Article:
Tech cos to H-1B workers: We feel your pain
Technology companies, which have laid off hundreds of thousands of workers, are already feeling the heat from politicians about their support of the H-1B foreign worker program at a time when many Americans are jobless. (Read the Reuters story explaining why, as a result, tech companies might have to tone down their campaign to hire more H-1B workers this year.)
Last month, Microsoft was the specific target of Republican Senator Charles Grassley, who shot off a letter to the tech bellwether saying it should lay off foreign workers before laying off domestic workers.
Microsoft responded it was laying off both H-1B workers and Americans, and that it was extending support equally to all affected employees. While that may be the case, foreign workers often have a harder time if they’re laid off.
Under the H-1B visa rules, a worker who loses his job cannot stay on in the United States without changing to a different visa or finding another job. With layoffs all around, it’s not the best market in which to find a job, which means foreign workers could be forced to drop their American lives and head back home.
But some recruiters say companies are sympathetic to the plight of these workers. Recruiter Adam Charlson, who works at Korn/Ferry International’s Silicon Valley office, said companies have been quite aggressive about trying to protect people on H-1B visas. “Organizations are actively doing whatever possible to keep the loopholes open to help H-1Bs find other employment,” he said.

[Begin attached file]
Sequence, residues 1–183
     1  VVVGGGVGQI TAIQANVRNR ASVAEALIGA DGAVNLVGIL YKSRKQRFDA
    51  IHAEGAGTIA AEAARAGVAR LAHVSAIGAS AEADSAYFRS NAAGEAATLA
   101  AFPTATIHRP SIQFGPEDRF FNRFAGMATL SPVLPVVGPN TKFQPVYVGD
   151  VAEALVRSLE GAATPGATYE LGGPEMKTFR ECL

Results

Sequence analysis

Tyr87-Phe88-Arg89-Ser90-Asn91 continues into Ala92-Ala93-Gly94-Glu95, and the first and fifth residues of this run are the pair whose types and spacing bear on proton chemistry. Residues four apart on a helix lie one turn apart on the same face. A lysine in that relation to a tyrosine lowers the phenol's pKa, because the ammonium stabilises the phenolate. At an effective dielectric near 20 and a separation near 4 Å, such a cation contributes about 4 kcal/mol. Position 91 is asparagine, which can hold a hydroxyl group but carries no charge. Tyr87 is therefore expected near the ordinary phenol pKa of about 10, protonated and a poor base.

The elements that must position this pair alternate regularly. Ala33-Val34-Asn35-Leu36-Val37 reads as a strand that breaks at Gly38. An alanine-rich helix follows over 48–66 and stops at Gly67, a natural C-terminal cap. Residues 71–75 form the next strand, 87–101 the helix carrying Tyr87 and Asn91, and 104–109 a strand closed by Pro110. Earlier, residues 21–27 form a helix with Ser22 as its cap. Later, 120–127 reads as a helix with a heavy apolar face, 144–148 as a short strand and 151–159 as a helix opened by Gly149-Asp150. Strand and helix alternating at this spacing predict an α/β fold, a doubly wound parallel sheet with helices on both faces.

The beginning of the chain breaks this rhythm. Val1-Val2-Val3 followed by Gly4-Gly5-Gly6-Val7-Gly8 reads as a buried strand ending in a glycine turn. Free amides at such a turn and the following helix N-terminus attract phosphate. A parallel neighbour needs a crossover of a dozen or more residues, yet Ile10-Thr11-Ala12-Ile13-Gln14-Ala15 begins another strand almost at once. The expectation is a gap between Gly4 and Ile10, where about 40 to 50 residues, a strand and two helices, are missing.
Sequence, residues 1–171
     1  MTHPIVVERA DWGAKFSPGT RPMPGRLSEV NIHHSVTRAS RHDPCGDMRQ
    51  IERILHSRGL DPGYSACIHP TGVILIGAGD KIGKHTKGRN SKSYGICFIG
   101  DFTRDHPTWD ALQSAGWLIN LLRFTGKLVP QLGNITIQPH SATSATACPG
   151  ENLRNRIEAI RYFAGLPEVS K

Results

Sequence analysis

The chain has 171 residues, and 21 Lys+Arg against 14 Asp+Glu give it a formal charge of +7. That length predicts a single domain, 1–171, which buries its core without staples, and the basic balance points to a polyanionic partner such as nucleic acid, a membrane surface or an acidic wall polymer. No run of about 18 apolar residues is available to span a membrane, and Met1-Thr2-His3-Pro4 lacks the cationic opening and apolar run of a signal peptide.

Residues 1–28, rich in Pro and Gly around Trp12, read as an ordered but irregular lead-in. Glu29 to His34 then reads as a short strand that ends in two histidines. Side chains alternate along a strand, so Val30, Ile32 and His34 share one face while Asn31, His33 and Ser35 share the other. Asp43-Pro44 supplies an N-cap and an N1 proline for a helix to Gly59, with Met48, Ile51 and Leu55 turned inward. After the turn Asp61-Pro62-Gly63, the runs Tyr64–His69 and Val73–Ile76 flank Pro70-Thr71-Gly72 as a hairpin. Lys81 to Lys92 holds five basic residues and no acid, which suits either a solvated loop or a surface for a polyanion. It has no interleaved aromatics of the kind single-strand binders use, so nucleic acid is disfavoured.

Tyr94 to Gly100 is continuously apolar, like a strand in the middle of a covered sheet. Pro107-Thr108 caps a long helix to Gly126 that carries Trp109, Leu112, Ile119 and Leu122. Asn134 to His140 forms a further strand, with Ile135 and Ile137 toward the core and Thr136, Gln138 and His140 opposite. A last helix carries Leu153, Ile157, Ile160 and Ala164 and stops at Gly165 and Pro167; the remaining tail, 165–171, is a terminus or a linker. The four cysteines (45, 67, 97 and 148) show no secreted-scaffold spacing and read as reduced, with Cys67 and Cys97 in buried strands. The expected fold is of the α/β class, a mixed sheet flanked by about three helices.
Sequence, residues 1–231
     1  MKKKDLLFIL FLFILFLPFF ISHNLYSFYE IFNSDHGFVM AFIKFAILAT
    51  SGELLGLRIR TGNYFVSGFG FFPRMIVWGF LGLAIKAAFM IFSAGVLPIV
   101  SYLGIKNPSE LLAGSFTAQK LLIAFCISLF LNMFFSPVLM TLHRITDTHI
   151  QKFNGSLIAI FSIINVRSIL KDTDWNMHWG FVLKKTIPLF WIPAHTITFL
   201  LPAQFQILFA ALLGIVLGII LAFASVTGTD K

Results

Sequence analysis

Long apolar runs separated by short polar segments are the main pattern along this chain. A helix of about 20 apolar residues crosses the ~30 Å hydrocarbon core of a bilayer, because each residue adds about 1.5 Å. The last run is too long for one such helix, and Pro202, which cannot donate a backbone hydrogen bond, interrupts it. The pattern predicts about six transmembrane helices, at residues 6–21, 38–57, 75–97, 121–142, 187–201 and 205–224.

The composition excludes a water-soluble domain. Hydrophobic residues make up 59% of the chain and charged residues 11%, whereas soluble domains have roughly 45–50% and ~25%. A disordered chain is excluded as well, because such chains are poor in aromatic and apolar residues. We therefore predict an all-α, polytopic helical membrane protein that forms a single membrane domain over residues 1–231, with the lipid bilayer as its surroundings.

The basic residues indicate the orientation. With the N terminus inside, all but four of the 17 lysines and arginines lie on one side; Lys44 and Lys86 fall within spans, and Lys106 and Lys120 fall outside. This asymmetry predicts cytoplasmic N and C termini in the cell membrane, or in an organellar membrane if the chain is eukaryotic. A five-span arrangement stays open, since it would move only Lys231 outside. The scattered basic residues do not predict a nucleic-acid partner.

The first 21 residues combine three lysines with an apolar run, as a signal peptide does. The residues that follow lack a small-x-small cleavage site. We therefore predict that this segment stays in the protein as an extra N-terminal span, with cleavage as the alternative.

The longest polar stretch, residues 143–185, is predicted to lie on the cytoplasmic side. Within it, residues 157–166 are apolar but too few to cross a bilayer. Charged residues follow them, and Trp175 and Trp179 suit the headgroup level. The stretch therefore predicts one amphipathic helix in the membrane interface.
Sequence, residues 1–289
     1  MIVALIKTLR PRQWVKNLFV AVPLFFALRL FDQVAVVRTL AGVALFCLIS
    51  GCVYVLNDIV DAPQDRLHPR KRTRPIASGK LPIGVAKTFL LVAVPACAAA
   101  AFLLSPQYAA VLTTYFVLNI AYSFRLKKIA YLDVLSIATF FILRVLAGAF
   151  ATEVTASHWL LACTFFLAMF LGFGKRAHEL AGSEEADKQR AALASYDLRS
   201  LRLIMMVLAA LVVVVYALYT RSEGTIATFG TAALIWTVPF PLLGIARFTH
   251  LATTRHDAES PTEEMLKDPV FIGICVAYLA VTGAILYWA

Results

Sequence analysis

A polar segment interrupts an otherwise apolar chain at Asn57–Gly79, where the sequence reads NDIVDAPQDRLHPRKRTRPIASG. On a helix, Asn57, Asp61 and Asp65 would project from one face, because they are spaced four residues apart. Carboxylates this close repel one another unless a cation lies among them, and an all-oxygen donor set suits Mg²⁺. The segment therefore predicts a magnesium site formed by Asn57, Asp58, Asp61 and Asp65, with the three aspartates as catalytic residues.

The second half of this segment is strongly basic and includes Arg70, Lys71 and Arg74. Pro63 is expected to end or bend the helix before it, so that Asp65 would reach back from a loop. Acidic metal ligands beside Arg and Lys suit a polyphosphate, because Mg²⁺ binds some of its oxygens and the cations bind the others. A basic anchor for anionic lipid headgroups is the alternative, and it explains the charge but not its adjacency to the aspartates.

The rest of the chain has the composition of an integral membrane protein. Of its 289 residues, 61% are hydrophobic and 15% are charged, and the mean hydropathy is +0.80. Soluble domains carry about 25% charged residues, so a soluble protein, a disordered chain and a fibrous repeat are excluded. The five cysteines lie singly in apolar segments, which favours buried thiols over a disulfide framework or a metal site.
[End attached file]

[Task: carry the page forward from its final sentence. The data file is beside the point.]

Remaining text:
That could mean setting an employment termination date in the future so that the laid-off foreign worker has some time to look for another job or settle his affairs, he said. It could also include things like outplacement services, including helping people brush up on interview skills and writing resumes, and even emotional counseling.
Outplacement services can be especially helpful for H-1B workers, said John Challenger, CEO of outplacement services firm Challenger, Gray & Christmas. Unlike their American counterparts, foreign workers may not have access to informal networks — such as alumni groups and family networks — which can ofte provide leads for new jobs, he said. Tough times for all.
Keep an eye on:
- Barry Diller’s IAC. They sold off Internet dating site Match.com’s European business and appointed a new CEO. Could more assets be on the block? (Paidcontent.org)
- Consumer advocacy blog The Consumerist. It was a post on their website that eventually led to Facebook backtracking on its terms of service. Maybe they’ll have something else to say soon. (The New York Times)
- The New York Times, which killed its dividend for the time being, saying it will help reduce debt. (Reuters)